Climate change will shorten winters by about three weeks by the beginning of next century, according to a new study.
The study, published this week in Environmental Research Letters, looked at the onset of spring and the flower blooms and leaf bursts that come along with it. Researchers found that, under a high emissions scenario (a pathway called RCP8.5, in which the planet is projected to warm 2.6 to 4.8°C by 2100) springs will arrive on average 23 days earlier in the U.S.
“Our projections show that winter will be shorter — which sounds great for those of us in Wisconsin” lead author Andrew Allstadt said. “But long distance migratory birds, for example, time their migration based on day length in their winter range. They may arrive in their breeding ground to find that the plant resources that they require are already gone.”
Different species of migratory birds depend on different clues to know when to begin their spring migration — usually changes in daylight or weather. If a bird depends on changes in daylight — something that, obviously, remains constant even as climate changes — to know when to migrate, it might take off for its spring habitat at its usual time. But, as Allstadt said, if that spring habitat experienced an early spring, the bird may arrive to find that the insects it needs to survive have already hatched, and that there are fewer available than in typical years.
CREDIT: Environmental Research Letters/ Allstadt et. al
Early springs aren’t a threat saved for 2100, however. A 2010 study looked at 25,000 records of springtime trends for plants, insects, birds, fish, and other flora and fauna. It found that more than 80 percent of springtime trends — including things like egg laying and flower blooms — pointed towards earlier springs. The spring of 2012 was the earliest ever recorded in the United States. 2012 was also a false spring in some parts of the country — a term which refers to a period of warm, spring-like weather followed by freezing temperatures. The study’s researchers also looked at false springs, and found that the risk of false springs decreased in some regions, but increased in others, including the Midwest and Great Plains.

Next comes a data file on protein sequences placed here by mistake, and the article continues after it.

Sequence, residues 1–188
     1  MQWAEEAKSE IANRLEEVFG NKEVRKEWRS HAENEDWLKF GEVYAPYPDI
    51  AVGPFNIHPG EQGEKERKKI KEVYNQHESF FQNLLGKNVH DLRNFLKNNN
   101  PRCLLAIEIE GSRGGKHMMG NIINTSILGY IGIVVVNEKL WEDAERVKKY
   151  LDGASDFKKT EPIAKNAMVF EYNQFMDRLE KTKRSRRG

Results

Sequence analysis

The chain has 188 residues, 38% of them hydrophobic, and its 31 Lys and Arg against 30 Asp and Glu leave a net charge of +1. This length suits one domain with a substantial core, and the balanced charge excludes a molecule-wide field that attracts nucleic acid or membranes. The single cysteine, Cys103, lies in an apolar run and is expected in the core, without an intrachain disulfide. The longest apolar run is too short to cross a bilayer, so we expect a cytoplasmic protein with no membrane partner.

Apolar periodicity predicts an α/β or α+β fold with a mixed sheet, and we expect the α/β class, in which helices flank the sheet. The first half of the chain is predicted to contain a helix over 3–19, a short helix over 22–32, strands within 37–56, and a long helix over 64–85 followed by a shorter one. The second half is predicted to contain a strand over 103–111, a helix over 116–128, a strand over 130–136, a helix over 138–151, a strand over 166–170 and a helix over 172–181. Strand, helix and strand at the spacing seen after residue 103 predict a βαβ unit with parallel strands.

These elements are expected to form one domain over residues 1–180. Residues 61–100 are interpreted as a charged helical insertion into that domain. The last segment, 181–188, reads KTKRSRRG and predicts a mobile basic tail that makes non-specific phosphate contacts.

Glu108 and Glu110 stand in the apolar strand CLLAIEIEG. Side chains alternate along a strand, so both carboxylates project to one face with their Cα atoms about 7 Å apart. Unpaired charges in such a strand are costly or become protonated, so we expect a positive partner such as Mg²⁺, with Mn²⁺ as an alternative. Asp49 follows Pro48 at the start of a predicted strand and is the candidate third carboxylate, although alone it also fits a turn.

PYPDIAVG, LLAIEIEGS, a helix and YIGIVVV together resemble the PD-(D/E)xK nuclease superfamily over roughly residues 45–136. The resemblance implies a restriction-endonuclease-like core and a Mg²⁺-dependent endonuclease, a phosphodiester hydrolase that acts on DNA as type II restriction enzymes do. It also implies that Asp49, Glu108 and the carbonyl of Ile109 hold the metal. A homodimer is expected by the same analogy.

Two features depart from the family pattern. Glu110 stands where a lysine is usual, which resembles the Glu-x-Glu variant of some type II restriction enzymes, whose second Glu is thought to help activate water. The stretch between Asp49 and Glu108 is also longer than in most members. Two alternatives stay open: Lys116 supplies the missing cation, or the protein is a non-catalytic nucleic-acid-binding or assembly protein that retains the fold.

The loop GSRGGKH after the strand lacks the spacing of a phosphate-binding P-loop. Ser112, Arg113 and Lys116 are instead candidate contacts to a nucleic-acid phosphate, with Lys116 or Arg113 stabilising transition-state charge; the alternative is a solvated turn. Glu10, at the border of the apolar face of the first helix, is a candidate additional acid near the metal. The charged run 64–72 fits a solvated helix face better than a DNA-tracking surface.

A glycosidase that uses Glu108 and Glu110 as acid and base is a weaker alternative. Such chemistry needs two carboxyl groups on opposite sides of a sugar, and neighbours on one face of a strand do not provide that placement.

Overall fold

Any increase in false springs is bad news for the environment and for some businesses, the researchers note.
“Sub-freezing temperatures after spring onset can damage vulnerable plant tissue, and reproductive growth stages later in spring typically make plants more susceptible to damage from cold,” the researchers write. “Damage due to false springs is often observed in natural systems, and lost plant productivity can negatively impact dependent animal populations. False springs can also strongly affect agricultural systems. For example, the false spring of 2012 caused $500 million in damages to fruit and vegetables in Michigan.”